This post first appeared on www.edinz.com on October 15 2017
On the 20th of September I had one of those moments. One of those moments of pure joy and excitement at seeing a new species of bird for the first time. It's always like a bubble in my chest that just won't burst, and to be honest there were a few tears at the corners of my eyes. This moment was particularly special, because the bird in question was a New Zealand storm petrel.
They're birds I've wanted to see for a long time. Not my whole life, because they were only re-discovered in 2003. Until then, New Zealand storm petrels were thought extinct, known only from museum specimens collected in the early 1800's.
Out of nowhere, they flew back into the seabird world and caused quite a stir. It was only ten years later that their breeding grounds were discovered on Te Hauturu-o-Toi, Little Barrier Island. Hauturu is now a pest-free island, but until the 1980's it was home to cats, and pacific rats (kiore) were only eradicated in 2006. That these tiny birds had persisted under such conditions is a small miracle. So much of New Zealand's native fauna have been decimated by various invasive mammals, and our seabirds have particularly suffered.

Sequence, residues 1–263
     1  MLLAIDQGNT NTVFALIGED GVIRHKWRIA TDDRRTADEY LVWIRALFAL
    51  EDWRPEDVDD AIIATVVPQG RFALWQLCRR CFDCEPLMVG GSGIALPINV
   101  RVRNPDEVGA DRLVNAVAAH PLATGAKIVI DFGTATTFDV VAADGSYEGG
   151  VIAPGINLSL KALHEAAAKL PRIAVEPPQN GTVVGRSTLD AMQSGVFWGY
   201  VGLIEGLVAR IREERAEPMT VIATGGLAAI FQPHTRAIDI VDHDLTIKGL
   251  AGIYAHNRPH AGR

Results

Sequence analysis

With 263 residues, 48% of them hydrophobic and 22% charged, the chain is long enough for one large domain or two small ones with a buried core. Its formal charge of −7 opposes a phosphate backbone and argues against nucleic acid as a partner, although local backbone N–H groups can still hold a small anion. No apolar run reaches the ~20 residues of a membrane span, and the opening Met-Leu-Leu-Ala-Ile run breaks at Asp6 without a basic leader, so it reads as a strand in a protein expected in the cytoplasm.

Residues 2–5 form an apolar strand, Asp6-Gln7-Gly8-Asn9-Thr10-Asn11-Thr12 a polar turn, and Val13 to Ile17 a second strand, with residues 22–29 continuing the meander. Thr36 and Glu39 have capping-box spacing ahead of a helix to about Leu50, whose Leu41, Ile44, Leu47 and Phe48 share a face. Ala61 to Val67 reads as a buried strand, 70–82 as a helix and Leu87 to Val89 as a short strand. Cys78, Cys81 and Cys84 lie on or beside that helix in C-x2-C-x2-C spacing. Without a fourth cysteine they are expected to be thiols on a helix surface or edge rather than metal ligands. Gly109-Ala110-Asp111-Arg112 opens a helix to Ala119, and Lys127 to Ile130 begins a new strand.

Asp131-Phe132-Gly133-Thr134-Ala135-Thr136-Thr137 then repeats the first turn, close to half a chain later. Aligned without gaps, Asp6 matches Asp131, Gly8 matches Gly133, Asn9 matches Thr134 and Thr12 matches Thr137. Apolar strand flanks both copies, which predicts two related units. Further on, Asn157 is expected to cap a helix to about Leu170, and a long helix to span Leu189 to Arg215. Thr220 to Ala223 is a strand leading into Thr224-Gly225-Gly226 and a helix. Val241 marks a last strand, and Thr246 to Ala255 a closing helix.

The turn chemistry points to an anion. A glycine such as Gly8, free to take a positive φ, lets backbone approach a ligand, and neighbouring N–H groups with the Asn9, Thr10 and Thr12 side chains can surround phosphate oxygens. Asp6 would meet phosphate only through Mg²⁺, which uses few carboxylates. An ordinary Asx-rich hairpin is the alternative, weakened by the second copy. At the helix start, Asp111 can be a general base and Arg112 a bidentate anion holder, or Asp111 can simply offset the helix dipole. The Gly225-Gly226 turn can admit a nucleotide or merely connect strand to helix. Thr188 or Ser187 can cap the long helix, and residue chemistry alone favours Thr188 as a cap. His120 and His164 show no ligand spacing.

Globally, seabirds are the most threatened group of birds.
It's estimated that by 2100, 15% of seabird species will have gone extinct.
The main drivers of this massive decline are largely human-caused.
We're pouring two million tonnes of plastic into the ocean every year.
We're stripping fish stocks out of the sea.
We have introduced mammals to islands where they shouldn't be, where birds have no defence against them.
That these birds have persisted so far is testament to their resilience, but things are changing too fast for them to keep up. To keep these birds alive, we are going to have to start to make better decisions about how we live our lives.
It was an extraordinarily special moment to see this beautiful little bird skipping across the Hauraki Gulf. But it drove home just how dire the seabird situation is. We have a lot of work to do to conserve our seabird species - New Zealand has more of them than anywhere else in the world. Many of them only breed here. But many of them also cross the oceans to feed, circling the globe and travelling into the far north of the Pacific Ocean.
Seabirds are global travellers, so it will take international efforts to save them.
But it starts here.
It starts with each of us making better decisions - cutting plastic out of our lives, buying sustainably caught fish, and spreading the word.